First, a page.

SECRETARY TILLERSON: Well, with respect to any differences or any daylight between the approach of the United States and the Republic of Korea, there is none. I think Foreign Minister Kang on multiple occasions in our discussions today reiterated the strong alignment with the international community’s approach of the maximum pressure campaign. And indeed, the Republic of Korea has gone beyond the UN Security Council resolutions and has imposed unilateral sanctions of their own in support of this maximum pressure campaign. And in fact, the Republic of Korea is the country that has detained two vessels for violating sanctions through ship-to-ship transfers.
So I think everything that we discussed from President Trump to President Moon at the ministry of foreign affairs level as well as ministry of defense levels, we are completely aligned that the maximum pressure campaign is the correct strategy and that everyone must stick to that.
Again, just as I said in my remarks, what is the purpose of the maximum pressure campaign? It is intended to cause North Korea to engage as a credible negotiating partner in addressing a pathway to a denuclearization of the peninsula. That is the purpose of the maximum pressure campaign. So we all are working towards the same goal with the same set of tactics.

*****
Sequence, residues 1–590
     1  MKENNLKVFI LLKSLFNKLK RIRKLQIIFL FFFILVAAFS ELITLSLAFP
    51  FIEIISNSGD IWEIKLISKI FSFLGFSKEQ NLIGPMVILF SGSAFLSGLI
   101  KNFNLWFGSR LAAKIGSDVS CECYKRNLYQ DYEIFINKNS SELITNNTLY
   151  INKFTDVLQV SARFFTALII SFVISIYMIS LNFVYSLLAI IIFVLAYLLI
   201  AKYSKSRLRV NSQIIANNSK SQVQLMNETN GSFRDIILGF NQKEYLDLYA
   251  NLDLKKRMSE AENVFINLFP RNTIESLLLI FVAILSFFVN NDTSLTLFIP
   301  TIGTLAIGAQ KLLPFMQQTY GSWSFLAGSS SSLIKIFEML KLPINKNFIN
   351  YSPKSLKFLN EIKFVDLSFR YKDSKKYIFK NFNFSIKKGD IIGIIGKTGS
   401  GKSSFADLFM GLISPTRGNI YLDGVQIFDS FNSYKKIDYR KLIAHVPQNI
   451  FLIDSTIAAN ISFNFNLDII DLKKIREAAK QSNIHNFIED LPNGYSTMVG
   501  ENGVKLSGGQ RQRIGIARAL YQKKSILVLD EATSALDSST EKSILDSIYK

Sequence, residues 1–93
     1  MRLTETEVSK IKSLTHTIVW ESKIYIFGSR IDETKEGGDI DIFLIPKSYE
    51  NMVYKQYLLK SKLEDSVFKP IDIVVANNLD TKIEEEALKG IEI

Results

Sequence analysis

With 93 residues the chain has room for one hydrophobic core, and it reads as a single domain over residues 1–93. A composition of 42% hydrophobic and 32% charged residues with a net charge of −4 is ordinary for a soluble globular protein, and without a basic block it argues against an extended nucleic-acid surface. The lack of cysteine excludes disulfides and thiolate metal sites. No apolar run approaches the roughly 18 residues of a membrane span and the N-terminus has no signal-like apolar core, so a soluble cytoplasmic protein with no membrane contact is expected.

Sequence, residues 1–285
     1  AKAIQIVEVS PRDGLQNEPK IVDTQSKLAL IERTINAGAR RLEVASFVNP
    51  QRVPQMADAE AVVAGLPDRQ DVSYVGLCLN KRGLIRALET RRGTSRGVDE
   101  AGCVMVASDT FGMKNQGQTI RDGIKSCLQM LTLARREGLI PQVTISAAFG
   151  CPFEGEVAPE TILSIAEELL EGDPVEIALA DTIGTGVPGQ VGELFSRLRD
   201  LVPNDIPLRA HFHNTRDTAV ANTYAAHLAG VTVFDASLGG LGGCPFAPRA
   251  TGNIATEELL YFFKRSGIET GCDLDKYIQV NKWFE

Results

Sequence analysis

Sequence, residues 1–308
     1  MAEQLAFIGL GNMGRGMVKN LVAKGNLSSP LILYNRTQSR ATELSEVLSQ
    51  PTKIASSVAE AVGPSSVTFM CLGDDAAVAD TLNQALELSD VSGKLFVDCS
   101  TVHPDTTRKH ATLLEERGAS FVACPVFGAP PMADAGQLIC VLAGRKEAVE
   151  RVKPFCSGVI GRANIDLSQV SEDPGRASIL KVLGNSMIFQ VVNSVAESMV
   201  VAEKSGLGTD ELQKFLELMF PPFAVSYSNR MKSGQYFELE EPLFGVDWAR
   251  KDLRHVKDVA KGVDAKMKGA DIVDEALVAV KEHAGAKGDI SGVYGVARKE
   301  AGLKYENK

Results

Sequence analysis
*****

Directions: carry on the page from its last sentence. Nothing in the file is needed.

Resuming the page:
FOREIGN MINISTER FREELAND: Okay. And let me first of all thank you very much for being here together with the entire South Korean delegation. There is no country more deeply touched by North Korea’s actions and more knowledgeable about North Korea than South Korea. And one of the things that all of us acknowledged today was the tremendous stake that South Korea has in this issue. And I think a very important outcome of our conversation today was that it allowed all of us to show very strong solidarity with the people of South Korea, with the Government of South Korea, with Minister Kang in your country’s efforts. That’s very important to all of us.
We had an opportunity to all congratulate South Korea on the inter-Korean dialogue, which has begun this month. I think we all need to be quite modest in our assessment of the progress thus far, but talking is a good thing and it’s a good thing that that’s happening. As Rex said, we are looking forward to peaceful and successful Olympics and Paralympics, and we’re pleased that North Korea will be participating.
As to what it will take for that little beginning of a conversation to move into the conversation that the whole world needs, which is a conversation about denuclearization, what it’s going to take is for North Korea to make that choice.
MODERATOR: Thank you.
FOREIGN MINISTER FREELAND: And I just want to say one final thing: As your host, thank you to everyone for coming, for – particularly to our foreign visitors. We really appreciate it. This is an issue which matters very much to the world, and to Canadians, and we’re delighted that you are all here to pay attention to it. As a former journalist, I know how important your work is in sharing with all the people of the world the conversations that we’re having, and I hope you’ve had a great time in Vancouver, our Pacific city that we’re so proud of. Thank you very much. Merci.